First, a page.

Legit Video Card Reviews
ATI X1800 CrossFire Video Card Review
|Date:||Wed, Jan 18, 2006 - 12:00 AM|
|Written By:||Scott Heflin -|
We?ve seen that with CrossFire you gain some great performance but the application is not without some annoyances. CrossFire is still more difficult to get up and running than SLI, and the Catalyst Control Panel has a slower response time when CrossFire is enabled. Having the extra cabling behind the PC is only frustrating if you spend a lot of time changing things around, and of course needing a special master card can add some confusion when it comes time to make your purchase. Looking back though, NVIDIA?s SLI had its fair share of problems when it launched over a year ago but now is an extremely mature platform. Overall we?ve encountered no issues that we?ve seen in other reviews, CrossFire simply worked. Considering that 6 months ago CrossFire was something that only existed behind closed doors, this second generation has a lot going for it, and you can be assured CrossFire will continue to improve. A dual card solution is not for everyone. Spending $600-$1000 on video cards alone is not enough because you also need to keep in mind that it requires a robust power supply to run these cards. A 500w power supply is a requirement for running this kind of system but I think very soon we'll see that even these power supplies might not be enough.
Sound is another factor in a dual card system. I found a pair of 7800GT's in SLI on the DFI NF4 board to be annoyingly loud. The three fans (chipset and video cards) working against each other was simply too much for me to deal with while not gaming. CrossFire at times was found to be even worse. When first installing Crossfire, before the driver detects the second card, the card fan runs at 100%. When you have a pair of X1800XT's this is extremely loud. Thankfully after the drivers are installed everything is quieter, much more so than the SLI'd 7800GT's. ATI's chipsets are passively cooled which makes for a quiet running system.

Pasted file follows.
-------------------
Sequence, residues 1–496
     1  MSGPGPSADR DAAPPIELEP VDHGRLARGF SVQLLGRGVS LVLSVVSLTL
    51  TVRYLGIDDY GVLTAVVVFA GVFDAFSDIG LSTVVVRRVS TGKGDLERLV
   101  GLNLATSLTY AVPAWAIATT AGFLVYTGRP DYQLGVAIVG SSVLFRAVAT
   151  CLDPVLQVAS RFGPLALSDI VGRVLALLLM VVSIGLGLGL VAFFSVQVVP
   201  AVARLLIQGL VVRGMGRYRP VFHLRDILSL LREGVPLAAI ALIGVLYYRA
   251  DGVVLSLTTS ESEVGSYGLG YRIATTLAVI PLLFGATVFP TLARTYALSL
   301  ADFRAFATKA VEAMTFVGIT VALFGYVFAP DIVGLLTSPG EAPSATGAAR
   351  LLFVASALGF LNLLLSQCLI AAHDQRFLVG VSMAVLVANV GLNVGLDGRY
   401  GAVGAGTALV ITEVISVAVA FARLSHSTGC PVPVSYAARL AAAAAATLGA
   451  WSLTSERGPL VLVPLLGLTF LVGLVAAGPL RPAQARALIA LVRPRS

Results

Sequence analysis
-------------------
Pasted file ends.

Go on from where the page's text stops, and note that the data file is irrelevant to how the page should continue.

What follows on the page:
Heat is another thing to consider. A single graphics card does a fine job of dumping heat into your system as it is. When you put two in the system air flow in the case becomes very important. The X1800XT has an advantage here as it moves most of the heat to the outside of the case. It also draws the air to cool the card from the side rather than sucking hot air off of the other card when in CrossFire.
As we mentioned at the start of this article, you need a CrossFire capable motherboard which includes Intel motherboards. Nvidia is still not allowing Nforce4 support for CrossFire so you will need to buy a motherboard. There are many Intel users that will not own a board without an Intel chipset so CrossFire is the only choice.
The best bang for the buck as far as dual video cards go is the 7800GT. A single X1800XL is nearly the same price but having to spend more for the master card is the deal breaker. The X1800XT CrossFire is easily the fastest system in our tests and of course that performance comes at a price. The $599 CrossFire Master Card and $550 MSRP for the standard XT put this pair of cards at a price higher than most complete systems you will see at a LAN party.
Legit Bottom line: A single mid to high-end video card will give you extremely playable performance in all of today's games. SLI and CrossFire have their own place as borderline excessive for most people. Being able to play at high resolutions with in game settings turned all the way up is something that is, for some, worth paying extra for and ATI now has a competitive solution.
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Page 1 - What is Crossfire?
Page 2 - Under The Heat Spreader
Page 3 - How does it work?
Page 4 - Test setup
Page 5 - Doom 3
Page 6 - Far Cry
Page 7 - Serious Sam 2
Page 8 - Call of Duty 2
Page 9 - 3D Mark 2005
Page 10 - Conclusion